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Kylesa: Exhausting Fire *

Album Notes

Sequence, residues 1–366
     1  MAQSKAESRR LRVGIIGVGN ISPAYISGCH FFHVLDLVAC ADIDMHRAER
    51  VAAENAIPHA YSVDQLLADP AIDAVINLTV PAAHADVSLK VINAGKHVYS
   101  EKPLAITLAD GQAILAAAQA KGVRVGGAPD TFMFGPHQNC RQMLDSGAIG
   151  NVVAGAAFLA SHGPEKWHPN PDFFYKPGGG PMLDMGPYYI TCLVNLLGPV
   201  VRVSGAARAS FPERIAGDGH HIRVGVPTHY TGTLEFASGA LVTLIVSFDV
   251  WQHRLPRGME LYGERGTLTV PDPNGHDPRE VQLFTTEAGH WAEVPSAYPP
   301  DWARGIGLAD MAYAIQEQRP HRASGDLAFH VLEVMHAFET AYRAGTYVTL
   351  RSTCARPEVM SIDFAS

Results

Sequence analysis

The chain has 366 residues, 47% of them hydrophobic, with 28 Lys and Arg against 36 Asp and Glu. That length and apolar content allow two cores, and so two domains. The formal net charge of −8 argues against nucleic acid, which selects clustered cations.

It's tempting to call Kylesa's Exhausting Fire the culmination of the experimentation that began on 2010's Spiral Shadow as punk-metal tempos fell off and psych began threading its way into their stoner sludge mix. On 2013's widely celebrated Ultraviolet, they added lush atmospheres and textures to balance their heaviness. Kylesa is down to a trio here, with guitarists/vocalists Phillip Cope and Laura Pleasants, and drummer Carl McGinley. Cope produced the set and co-engineered it with Zac Thomas. Metal is almost gone from Kylesa's attack; it has been replaced by an even more ambitious meld of fuzzy, blasted, washed-out soundscapes, subtle harmonic asides, complex songwriting architecture, and heavily phased psychedelia, with sludge becoming the ballast rather than anchor. Melody has replaced riffing as the central writing construct, but it's never far off-center. "Crusher" has no less than five parts in as many minutes. Pleasants is comfortable using her natural voice; it's the tune's hub. Guitars slip and slither offering vamps, drifts and drones with varied layers of distortion, feedback, and counterpoint, while McGinley's drums alternate between doomy rock slams, tight, accented fills, and roiling undercurrent. While the groove-and-chug in "Shaping the Southern Sky" -- in which McGinley literally swings -- contains some sheer rockist power; it's tempered by a spindled, faze-shifted middle section, with gated, wafting guitar effects, a blown-out bassline, and spacy droning organ. It all comes to a different psych plane before the cut mutates toward crunch again. "Moving Day" has such an infectious pop melody that it comes off as near goth rock, with Cope as lost in soul searching as Depeche Mode's Dave Gahan. While "Blood Moon" commences with a mournful oboe amid reverbed guitars and lithe backbeat drumming, within 30 seconds, blastbeats, tremolo picking, angled riffing, and clean signing -- from both vocalists -- transforms it into a fresh, wildly adventurous take on black metal (and it's one of the album's best tracks). Cope's vocal on "Night Drive" in an almost straight-up hard rock verse is highlighted by downtuned fuzz bass, wonky guitar effects, and a near silky pop bridge delivered by Pleasants. "Growing Roots" is noisy pop that sounds like '90s-era Sonic Youth covering the Cure. "Out of My Mind" has a pummeling, fuzzy, almost funky bassline, two lithe, contrasting vocal melodies, atop the dynamic guitar force of early Killing Joke playing hooks by Jesus and Mary Chain. For Kylesa, Exhausting Fire marks not only a giant step on their ever evolving journey (one that effortlessly looks forward and back simultaneously), but is also the bedrock of an idiosyncratic, clearly demarcated sonic terrain no other band can claim. ~ Thom Jurek


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